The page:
Matthew Law

T 416 849 9050 F 416 598 3730
E mlaw@lolg.ca
With clear analytical reasoning and exceptional problem-solving skills, Matt has proven himself to be an effective advocate for his clients. Clients also appreciate Matt’s calm and steady demeanour throughout the complex litigation process.

Matt’s practice focuses on corporate/commercial litigation, administrative law and general civil litigation. He often takes a leading role on files that involve injunctions, arbitrations and trials. Matt has argued numerous matters before courts and administrative tribunals, including summary judgment motions, injunctions and multi-day hearings. He also represents clients in private arbitrations involving complex legal issues and expert evidence and has developed extensive experience supervising forensic investigations.

Matt has written for several legal journals on topics related to the law of fraudulent preferences and recent appellate jurisprudence.  He also acts for pro bono clients in large and small matters, and has volunteered with the Law Help Ontario Duty Counsel project and Divisional Court Amicus program.

Community Involvement

  • University of Toronto Law School Mentor Program
  • Pro bono litigation matters
  • Law Help Ontario Duty Counsel project, volunteer
  • Divisional Court Amicus program, volunteer

Credentials

  • Called to the Ontario Bar, 2011
  • Clerkship: Justices Doherty, Laskin and Goudge of the Court of Appeal for Ontario
  • J.D., University of Toronto Faculty of Law, 2010
  • M.A. in Philosophy, University of Toronto, 2007
  • B.A. in Economics and Philosophy, University of Toronto, 2006
  • 2145850 Ontario Limited v. Student Transportation, 2012 ONSC 6865: In the first decision considering the scope of Section 22 of the Broader Public Sector Accountability Act, the Superior Court of Justice rejected an argument that the statute provided immunity to public sector organizations for breaches of the duty of fairness in procurement.  The court also ruled that a trial was necessary to determine the scope of the legislation and in particular to determine whether or not the legislation removed the common law remedies of interim and permanent injunctions for those who suffer harm as a result of unlawful or unfair procurement.  A trial date on behalf of a group of pupil transportation companies against various school boards has been set for June 2013.  The case and this decision have significant implications for Ontario’s public procurement process across all industries.  LOSL acts for pupil transportation companies across the province and has challenged the fairness and propriety of RFP processes undertaken by a number of school boards across the province.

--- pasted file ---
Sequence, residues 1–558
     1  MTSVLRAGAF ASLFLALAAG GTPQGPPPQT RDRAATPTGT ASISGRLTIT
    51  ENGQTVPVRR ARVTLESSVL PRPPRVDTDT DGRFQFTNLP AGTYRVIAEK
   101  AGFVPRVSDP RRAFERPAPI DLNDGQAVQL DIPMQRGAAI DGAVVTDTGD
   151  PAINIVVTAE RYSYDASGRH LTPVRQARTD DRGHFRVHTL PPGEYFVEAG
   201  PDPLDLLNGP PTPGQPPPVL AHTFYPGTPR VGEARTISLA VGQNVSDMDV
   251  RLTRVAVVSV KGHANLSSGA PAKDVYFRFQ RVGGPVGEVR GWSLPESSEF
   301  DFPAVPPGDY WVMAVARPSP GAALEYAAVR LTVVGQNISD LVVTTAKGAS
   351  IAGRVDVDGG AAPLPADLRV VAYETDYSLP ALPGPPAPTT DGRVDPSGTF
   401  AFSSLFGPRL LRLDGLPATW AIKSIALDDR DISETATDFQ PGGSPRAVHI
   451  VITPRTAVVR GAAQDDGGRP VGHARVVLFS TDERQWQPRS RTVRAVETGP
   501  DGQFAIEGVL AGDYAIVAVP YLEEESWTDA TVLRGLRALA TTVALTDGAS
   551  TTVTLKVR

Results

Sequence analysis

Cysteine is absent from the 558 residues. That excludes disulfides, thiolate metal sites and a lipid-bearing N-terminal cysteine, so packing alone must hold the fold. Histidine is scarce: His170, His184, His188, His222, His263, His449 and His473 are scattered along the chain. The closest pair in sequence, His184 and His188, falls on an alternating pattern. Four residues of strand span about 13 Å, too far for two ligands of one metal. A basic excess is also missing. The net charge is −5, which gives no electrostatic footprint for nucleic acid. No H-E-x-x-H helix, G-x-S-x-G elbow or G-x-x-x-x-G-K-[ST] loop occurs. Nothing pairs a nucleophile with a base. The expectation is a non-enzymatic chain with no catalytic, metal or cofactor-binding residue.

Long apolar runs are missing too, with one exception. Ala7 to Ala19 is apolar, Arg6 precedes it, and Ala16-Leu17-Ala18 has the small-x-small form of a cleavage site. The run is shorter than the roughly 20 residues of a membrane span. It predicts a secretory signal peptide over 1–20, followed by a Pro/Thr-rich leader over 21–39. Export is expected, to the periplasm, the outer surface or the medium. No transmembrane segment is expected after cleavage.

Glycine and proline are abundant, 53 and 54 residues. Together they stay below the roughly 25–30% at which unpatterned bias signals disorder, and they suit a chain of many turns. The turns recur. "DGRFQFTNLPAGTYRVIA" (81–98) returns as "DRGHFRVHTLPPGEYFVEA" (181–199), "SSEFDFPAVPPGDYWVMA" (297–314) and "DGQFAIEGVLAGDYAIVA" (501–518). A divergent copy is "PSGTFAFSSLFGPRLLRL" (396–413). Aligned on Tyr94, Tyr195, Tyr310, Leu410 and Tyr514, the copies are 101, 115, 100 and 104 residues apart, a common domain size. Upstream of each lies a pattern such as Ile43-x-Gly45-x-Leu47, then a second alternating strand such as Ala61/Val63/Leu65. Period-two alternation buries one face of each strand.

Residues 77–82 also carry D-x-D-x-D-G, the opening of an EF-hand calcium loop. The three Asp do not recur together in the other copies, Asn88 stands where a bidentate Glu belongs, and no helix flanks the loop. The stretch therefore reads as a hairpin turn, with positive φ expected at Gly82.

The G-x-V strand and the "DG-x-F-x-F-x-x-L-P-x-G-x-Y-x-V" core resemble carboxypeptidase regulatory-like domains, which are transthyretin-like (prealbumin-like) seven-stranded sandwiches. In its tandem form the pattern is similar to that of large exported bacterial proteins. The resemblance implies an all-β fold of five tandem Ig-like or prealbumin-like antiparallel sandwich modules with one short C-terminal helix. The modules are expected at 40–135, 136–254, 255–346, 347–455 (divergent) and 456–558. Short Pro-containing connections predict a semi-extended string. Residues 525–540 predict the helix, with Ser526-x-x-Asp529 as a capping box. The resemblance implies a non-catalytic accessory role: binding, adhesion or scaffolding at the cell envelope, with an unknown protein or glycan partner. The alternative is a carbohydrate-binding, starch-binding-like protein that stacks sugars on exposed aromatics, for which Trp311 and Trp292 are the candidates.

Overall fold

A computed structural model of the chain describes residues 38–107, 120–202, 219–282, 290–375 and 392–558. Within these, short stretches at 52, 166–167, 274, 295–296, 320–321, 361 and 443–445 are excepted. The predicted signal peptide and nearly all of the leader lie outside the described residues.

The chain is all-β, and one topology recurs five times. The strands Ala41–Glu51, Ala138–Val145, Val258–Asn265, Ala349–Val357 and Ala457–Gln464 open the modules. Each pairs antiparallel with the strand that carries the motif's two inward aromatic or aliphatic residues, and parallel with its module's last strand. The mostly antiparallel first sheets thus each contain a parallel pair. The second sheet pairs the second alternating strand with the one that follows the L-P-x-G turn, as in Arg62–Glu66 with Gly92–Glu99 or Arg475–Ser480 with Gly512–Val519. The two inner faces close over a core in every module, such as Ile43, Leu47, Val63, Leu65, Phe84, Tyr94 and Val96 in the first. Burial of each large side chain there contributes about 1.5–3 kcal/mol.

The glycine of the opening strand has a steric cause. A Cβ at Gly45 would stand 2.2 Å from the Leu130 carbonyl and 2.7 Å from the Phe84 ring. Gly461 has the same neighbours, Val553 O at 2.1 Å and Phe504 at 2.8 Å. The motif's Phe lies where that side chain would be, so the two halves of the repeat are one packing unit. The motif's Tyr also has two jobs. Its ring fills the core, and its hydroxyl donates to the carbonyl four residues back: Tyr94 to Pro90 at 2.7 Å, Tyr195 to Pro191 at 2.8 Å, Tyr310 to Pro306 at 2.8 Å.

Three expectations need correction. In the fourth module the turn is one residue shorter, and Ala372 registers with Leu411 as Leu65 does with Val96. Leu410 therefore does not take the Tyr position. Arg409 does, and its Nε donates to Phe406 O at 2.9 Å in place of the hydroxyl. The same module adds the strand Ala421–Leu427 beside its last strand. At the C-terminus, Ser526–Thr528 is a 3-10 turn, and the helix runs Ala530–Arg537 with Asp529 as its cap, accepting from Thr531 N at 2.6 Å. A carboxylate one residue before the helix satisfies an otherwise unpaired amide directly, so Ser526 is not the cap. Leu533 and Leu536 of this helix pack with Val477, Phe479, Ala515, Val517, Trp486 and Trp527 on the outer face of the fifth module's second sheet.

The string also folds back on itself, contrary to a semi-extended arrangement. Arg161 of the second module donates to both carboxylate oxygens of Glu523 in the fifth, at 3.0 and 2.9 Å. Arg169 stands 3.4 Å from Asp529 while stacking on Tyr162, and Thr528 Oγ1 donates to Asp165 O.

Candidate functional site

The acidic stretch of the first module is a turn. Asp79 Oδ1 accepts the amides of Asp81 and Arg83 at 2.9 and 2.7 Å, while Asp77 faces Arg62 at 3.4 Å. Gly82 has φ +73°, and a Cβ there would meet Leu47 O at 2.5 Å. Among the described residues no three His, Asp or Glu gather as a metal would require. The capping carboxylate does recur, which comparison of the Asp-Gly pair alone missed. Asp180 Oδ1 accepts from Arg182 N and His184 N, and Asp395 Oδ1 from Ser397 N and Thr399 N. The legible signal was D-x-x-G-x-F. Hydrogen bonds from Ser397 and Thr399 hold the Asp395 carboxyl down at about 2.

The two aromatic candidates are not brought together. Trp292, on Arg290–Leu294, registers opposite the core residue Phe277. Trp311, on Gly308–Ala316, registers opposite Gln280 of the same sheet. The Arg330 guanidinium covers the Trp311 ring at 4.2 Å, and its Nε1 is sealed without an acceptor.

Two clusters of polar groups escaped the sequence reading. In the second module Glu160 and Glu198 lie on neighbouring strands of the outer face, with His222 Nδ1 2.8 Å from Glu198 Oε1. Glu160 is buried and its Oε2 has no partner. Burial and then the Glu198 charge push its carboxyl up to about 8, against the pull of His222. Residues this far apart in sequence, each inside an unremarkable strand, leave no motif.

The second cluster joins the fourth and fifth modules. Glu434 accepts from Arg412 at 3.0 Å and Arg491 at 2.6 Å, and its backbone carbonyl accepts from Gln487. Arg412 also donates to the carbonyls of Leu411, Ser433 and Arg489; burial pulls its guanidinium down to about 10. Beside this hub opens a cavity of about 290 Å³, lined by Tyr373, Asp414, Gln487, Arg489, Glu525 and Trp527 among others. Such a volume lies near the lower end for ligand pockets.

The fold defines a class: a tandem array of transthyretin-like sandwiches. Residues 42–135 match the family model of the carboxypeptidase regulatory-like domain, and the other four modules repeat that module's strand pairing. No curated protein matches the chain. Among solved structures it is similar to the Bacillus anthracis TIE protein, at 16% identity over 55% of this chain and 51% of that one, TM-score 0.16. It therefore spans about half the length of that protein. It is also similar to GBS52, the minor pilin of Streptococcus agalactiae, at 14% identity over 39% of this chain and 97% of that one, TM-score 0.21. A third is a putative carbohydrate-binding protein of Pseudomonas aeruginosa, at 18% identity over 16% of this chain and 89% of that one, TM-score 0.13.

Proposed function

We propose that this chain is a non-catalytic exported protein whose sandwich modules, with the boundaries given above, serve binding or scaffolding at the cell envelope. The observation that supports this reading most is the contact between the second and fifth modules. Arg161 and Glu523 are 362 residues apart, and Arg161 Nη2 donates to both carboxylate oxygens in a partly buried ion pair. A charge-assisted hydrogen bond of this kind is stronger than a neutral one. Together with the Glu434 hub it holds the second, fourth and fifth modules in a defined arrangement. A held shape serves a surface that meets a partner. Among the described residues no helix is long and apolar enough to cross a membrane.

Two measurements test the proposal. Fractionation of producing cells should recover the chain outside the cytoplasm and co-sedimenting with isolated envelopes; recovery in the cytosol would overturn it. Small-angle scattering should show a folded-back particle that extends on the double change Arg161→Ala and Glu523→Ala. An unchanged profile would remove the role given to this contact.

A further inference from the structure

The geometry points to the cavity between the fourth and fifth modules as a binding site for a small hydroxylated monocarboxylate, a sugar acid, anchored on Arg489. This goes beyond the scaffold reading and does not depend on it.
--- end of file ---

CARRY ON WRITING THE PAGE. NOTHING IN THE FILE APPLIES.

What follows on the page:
• University of Toronto Faculty of Law, top oralist award in the Corporate/Securities Moot
  • Harold G. Fox Scholar at the Inns of Court, London, England